Anatomy of a DH Poster

During poster sessions, researchers present their work through the medium of a large poster that they explain to passing attendees. Informal, interactive, and lively, poster sessions are a great opportunity for scholars of all stripes to share their research in a more personal setting.


Just like a good argument, an effective poster contains only what it needs to: it should be clear, coherent, and visually catchy (simply laid out, basic colors).

A DH poster does not need to follow a strict format like a STEM poster, which usually contains an Abstract, Hypothesis, Results, etc. However, it should include enough information for your reader to figure out what your research is about, including:

  • an evocative title in large enough font

  • a research question

  • the data you are working with

  • tools used

  • challenges

  • questions / next steps

  • written in an appropriate font (large enough to read comfortably. We recommend serif fonts for body text and sans serif for headings)

Concision and simplicity are important. A person should be able to get through your poster in five minutes. Aim for 800 words or fewer, if possible.

Don’t be afraid to be creative! You can use effective infographics or PowerPoint decks as a model. A simple Google search will turn up thousands of posters and poster templates--copy what you like, ignore the ones you don’t. 


So how exactly do you make a poster? The easiest answer is the ubiquitous Microsoft PowerPoint. Most of us already know how to use PowerPoint. Colin Purlington suggests that people seeking more bespoke solutions can check out programs like LaTex, Quark XPress, InDesign (free to Berkeley students via!), Scribus, Illustrator, CorelDRAW, Freehand, and Omnigraffle, Inkscape or Poster Genuis. These will give you more control, but might present a bit of a learning curve.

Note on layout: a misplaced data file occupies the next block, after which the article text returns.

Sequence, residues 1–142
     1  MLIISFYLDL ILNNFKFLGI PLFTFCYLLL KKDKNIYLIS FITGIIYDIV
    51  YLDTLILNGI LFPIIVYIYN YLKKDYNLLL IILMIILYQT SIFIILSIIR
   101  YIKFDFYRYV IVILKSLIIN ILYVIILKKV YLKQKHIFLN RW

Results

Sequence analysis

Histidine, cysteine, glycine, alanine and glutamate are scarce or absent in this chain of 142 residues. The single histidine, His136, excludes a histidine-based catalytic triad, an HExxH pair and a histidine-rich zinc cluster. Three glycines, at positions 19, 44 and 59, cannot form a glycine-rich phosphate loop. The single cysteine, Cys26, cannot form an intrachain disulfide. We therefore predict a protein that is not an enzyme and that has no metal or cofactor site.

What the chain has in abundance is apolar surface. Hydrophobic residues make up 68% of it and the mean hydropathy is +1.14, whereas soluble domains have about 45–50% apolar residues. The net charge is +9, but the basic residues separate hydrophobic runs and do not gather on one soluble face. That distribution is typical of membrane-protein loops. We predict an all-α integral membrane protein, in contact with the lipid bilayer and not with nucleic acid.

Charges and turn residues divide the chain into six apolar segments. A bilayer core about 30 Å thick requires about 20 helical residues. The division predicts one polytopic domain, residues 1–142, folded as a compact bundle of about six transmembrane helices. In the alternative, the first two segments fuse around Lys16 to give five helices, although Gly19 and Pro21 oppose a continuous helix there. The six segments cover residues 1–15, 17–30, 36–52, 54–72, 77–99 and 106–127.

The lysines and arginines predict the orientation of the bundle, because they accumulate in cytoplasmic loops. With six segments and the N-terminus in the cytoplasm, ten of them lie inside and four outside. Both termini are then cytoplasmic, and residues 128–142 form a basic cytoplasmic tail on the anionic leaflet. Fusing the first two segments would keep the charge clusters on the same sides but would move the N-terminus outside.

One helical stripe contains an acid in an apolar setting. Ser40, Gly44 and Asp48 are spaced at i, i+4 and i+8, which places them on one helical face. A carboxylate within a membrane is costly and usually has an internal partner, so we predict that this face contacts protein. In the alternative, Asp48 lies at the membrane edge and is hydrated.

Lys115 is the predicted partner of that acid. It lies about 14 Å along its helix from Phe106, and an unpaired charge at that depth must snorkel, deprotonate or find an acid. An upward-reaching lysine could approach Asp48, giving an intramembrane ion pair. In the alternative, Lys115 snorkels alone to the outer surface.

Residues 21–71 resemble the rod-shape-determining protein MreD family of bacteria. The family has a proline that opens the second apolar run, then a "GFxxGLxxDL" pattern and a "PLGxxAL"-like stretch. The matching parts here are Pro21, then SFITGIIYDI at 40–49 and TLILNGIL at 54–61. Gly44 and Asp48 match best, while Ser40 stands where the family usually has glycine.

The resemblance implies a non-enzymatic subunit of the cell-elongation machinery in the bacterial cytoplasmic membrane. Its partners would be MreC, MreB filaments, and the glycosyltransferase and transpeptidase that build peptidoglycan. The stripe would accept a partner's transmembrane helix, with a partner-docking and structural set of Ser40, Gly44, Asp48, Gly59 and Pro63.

In Progress Posters

Your poster does not have to be a completed, finished, polished product. "In progress" posters are completely acceptable. These might include things like challenges (theoretical, technical, methods) to be tackled before moving onto the next stage of research.

What do I do during the Fair?

During the poster session, please stand alongside your poster to present your research to interested attendees.

  • You do not need to be by your poster for the entire duration of the Fair.

  • Think through some questions that others might have for your project and prepare how you might respond.


Print posters should be approximately 36” x 24” (vertical or horizontal).  If you would like to demo digital components of your project, let us know in advance.